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Carolina Dog Breed information

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The Carolina Dog is a type of wild dog discovered in the late 1970s.[1] They were located living in isolated stretches of longleaf pines and cypress swamps in the Southeastern United States.

Discovery

Dr. I. Lehr Brisbin Jr., a Senior Research Ecologist at the University of Georgia's Savannah River Ecology Lab, first came across a Carolina Dog while working at the Savannah River site. Horace, a stray white dog with brown markings, was wandering the site’s boundary when he caught Brisbin’s attention. Brisbin, who had seen many rural dogs chained to the back of porches and doghouses, assumed this was just a normal stray. Many of these dogs roamed the woods and would turn up in humane traps, and Brisbin began to wonder how many more of these were in the wild. On a hunch, he went to the pound and was surprised by the resemblance the dog had to dingoes.[2]

Evidence of ancient roots

Physical

Some ancient paintings and rock art of Native Americans depict dogs that have physical traits similar to those of Carolina Dogs. Carolina Dogs also have a ginger-colored coat that is found on other wild dogs, including Australian Dingoes and Korea’s native dog, the Jindo.[3] Experts have said that Carolina Dogs are seemingly indistinguishable from the Jindo. Also, fossils of the dogs of Native Americans exhibit similar bone structures to Carolina Dogs. Brisbin found a resemblance between 2,000-year-old skulls and those of the Carolina Dogs, but concluded that there was too large a difference to prove any connection.[4] Along with this, behavioral attributes and DNA testing have pointed to a link.

Behavior

An intriguing trait of Carolina Dogs is their feral tendency, never before observed in domesticated dogs. In the 1980s, most Carolina Dogs were removed to captivity for study.

Female dogs had thrice annual estrus in quick succession, which settled into seasonal reproductive cycles when there was an abundance of puppies.[5] Brisbin noted that this was most likely to ensure quick breeding before diseases, like heartworm, take their toll. Some pregnant dogs also dug dens in which to give birth. After they gave birth or while pregnant, the bitch would carefully push sand with her snout to cover her excrement. The dogs also dug “snout pits”, or hundreds of tiny holes in the dirt that perfectly fit their muzzles during this time. More bitches dug them than males.[6]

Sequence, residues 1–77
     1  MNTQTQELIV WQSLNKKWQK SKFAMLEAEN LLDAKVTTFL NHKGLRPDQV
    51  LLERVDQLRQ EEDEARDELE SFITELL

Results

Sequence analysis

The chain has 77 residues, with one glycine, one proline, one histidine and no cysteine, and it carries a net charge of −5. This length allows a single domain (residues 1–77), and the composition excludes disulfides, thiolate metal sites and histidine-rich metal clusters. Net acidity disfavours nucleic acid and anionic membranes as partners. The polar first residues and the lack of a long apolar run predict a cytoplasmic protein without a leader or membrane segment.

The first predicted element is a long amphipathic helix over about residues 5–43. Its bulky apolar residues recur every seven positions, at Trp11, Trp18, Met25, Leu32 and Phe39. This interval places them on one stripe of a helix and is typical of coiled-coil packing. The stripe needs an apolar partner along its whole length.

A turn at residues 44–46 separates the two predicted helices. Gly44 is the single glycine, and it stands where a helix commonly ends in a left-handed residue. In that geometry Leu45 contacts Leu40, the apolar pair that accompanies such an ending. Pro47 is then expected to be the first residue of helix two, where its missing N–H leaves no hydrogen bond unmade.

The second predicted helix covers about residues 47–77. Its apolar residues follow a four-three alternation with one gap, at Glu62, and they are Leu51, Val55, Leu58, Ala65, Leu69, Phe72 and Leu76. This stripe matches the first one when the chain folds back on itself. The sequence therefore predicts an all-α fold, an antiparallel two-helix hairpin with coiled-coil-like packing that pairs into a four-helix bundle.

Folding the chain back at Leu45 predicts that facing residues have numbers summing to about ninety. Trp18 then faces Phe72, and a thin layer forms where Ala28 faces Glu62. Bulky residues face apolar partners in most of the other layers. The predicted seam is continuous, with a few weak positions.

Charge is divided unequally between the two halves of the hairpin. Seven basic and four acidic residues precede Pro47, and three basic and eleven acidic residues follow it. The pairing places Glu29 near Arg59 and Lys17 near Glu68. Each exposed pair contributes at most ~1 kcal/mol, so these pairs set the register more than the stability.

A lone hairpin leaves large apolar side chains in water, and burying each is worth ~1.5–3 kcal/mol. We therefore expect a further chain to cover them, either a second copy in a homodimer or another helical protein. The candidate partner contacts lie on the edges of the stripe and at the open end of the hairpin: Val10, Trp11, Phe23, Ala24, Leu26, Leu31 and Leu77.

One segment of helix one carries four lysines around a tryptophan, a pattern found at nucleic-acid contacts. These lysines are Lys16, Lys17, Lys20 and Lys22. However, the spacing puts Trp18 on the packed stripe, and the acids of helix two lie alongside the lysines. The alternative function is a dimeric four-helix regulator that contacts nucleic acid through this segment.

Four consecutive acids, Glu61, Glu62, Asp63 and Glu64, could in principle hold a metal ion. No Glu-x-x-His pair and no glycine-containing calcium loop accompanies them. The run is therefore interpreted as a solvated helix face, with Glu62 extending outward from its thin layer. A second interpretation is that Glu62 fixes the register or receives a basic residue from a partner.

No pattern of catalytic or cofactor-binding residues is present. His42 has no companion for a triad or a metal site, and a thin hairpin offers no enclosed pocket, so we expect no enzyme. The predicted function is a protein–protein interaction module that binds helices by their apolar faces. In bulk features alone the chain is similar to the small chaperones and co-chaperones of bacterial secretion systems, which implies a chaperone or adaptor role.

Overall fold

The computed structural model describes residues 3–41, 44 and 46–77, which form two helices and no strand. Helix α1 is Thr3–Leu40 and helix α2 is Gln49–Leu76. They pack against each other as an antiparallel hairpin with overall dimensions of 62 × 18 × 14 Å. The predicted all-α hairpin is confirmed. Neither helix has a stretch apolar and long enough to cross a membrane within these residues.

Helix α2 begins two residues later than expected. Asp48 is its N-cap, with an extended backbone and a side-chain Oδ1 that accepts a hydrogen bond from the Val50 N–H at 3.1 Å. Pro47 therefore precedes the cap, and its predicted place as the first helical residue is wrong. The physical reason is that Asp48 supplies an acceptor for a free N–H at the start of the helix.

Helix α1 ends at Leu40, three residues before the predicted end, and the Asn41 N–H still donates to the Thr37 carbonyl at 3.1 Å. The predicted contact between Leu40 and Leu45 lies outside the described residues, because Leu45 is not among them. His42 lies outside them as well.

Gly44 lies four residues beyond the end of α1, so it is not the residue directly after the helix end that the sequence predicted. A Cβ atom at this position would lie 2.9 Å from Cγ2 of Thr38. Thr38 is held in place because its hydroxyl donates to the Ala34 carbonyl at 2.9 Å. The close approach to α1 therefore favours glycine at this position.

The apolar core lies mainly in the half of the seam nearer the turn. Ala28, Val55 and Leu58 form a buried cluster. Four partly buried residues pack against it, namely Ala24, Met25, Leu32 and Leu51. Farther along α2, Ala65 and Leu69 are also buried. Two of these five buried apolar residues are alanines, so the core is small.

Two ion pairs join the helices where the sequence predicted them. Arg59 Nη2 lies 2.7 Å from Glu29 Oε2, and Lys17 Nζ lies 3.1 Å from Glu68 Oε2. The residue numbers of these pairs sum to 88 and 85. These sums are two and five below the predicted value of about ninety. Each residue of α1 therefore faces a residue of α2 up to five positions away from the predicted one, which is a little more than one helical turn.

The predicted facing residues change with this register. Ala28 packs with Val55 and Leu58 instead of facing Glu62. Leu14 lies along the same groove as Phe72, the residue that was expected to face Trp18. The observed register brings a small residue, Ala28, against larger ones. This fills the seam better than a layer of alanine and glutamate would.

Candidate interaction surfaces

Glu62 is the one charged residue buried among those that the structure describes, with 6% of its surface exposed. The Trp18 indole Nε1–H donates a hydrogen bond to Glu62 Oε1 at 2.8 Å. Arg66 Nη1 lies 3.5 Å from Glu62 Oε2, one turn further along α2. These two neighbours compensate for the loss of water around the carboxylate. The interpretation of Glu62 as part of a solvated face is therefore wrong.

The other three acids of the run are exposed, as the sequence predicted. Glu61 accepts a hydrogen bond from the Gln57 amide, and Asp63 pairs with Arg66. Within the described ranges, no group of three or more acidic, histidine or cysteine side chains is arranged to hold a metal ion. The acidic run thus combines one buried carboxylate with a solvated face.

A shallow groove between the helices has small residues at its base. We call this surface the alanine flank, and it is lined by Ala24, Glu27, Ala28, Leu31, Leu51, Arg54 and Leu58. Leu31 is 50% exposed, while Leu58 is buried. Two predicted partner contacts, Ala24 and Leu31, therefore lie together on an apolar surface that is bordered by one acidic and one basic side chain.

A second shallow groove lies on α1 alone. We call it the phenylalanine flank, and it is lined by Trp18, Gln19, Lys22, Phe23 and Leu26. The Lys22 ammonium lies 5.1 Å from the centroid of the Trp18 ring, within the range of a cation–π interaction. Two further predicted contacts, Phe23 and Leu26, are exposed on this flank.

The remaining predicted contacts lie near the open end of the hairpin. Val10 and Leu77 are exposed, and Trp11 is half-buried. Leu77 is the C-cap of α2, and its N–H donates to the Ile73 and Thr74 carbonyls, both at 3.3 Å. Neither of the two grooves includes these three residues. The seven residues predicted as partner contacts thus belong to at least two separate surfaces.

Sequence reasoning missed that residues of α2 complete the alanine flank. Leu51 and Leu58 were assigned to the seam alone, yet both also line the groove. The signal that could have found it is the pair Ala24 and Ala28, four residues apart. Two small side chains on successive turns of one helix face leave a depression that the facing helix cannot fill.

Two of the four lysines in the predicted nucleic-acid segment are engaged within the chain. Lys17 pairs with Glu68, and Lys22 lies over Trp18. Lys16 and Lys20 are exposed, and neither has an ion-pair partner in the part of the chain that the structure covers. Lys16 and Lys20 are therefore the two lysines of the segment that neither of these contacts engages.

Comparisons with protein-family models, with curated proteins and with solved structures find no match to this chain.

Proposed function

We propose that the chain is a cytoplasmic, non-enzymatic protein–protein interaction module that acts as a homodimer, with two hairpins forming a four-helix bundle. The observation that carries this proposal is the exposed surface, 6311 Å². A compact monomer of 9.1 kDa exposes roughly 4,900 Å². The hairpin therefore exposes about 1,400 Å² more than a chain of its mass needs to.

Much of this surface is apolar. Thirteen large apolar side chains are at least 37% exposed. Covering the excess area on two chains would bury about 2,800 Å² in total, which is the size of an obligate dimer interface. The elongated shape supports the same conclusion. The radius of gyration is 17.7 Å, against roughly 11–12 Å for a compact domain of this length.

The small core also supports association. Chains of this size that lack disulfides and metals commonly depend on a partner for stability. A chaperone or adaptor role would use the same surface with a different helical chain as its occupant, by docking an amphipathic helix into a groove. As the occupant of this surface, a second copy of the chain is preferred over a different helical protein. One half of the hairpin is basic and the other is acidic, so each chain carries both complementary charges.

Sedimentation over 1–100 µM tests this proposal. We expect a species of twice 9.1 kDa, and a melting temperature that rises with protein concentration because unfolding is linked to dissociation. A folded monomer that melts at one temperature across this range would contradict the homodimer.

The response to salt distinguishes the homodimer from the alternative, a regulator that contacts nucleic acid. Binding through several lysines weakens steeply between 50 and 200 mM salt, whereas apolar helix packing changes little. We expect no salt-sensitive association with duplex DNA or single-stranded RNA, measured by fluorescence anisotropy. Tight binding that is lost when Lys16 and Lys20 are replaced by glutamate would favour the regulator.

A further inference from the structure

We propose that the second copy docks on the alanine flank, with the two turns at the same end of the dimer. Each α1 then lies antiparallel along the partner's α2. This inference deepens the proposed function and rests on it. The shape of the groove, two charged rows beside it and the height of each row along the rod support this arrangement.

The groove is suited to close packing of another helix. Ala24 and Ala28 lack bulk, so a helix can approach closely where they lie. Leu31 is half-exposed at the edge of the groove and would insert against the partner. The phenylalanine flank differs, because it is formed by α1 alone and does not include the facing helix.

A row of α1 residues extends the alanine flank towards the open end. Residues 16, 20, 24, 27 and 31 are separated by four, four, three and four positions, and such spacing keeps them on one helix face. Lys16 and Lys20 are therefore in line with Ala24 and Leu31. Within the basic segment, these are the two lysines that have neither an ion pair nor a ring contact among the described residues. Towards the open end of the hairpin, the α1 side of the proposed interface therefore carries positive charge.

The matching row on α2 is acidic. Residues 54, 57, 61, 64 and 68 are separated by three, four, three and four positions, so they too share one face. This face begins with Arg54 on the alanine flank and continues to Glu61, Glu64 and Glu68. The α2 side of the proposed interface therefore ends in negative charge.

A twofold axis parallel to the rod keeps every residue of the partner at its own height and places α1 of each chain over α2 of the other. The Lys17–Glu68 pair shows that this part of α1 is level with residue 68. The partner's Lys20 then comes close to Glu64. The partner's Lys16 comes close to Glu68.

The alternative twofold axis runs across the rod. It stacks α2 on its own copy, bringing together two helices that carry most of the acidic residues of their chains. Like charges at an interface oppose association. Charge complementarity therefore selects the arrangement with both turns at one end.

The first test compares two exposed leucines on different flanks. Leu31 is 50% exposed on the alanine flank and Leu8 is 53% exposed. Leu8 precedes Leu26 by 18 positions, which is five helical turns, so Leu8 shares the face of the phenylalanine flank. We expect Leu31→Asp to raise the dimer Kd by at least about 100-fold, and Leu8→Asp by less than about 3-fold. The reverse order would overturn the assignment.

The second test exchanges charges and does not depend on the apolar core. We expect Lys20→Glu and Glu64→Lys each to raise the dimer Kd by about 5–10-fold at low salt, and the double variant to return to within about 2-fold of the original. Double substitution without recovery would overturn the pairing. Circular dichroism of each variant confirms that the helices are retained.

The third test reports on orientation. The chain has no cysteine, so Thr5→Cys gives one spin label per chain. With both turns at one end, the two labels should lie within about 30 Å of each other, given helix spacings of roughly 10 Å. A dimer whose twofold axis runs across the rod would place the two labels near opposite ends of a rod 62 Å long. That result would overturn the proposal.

The pack dynamic was also unique. When hunting, Carolina Dogs used an effective pack formation. They used a whip-like motion when hunting snakes.

In the wild, Carolina dogs live in swampy, sparsely settled land instead of the highly populated areas stray dogs commonly occupied.

DNA testing

The preliminary DNA testing provided an intriguing link between primitive dogs and Carolina Dogs. Brisbin stated, “We grabbed them out of the woods based on what they look like, and if they were just dogs their DNA patterns should be well distributed throughout the canine family tree. But they aren't. They're all at the base of the tree, where you would find very primitive dogs.” This wasn’t conclusive, but it did spark interest into more extensive DNA testing.[7]

Breed recognition

Carolina Dogs can be registered with the American Rare Breed Association[8] and the United Kennel Club.[9] ARBA includes the breed in its "Spitz and Primitive Group", which includes primitives such as the dingo and Canaan Dog. The UKC has classified them as a pariah dog, a class which includes other primitive breeds such as the Basenji of Africa and the Thai Ridgeback. The type designations "pariah" and "primitive" are commonly used interchangeably in cynology.

References

  1. ^ Weidensaul, Scott. "Tracking America’s First Dogs", Smithsonian Magazine, 1999-03-01. Retrieved on 2006-10-11. (in English) 

  2. ^ Handwerk, Brian. "Did Carolina Dogs Arrive With Ancient Americans?", National Geographic News, 2003-03-11. Retrieved on 2006-10-11. (in English) 

  3. ^ Mlot, Christine. Stalking the Ancient Dog. NetPets. Retrieved on 2006-10-15.

  4. ^ Weidensaul, Scott. "Tracking America’s First Dogs", Smithsonian Magazine, 1999-03-01. Retrieved on 2006-10-11. (in English) 

  5. ^ Handwerk, Brian. "Did Carolina Dogs Arrive With Ancient Americans?", National Geographic News, 2003-03-11. Retrieved on 2006-10-11. (in English) 

  6. ^ Primitive Dogs Of The Southeast. University of Georgia (2001-04-13). Retrieved on 2006-10-15.

  7. ^ Handwerk, Brian. "Did Carolina Dogs Arrive With Ancient Americans?", National Geographic News, 2003-03-11. Retrieved on 2006-10-11. (in English) 

  8. ^ American Rare Breed Association. Retrieved on 2006-10-15.

  9. ^ United Kennel Club. Arienne Associates (1996). Retrieved on 2006-10-15.

Breed information on other dog breeds:

 

Text source:  Wikipedia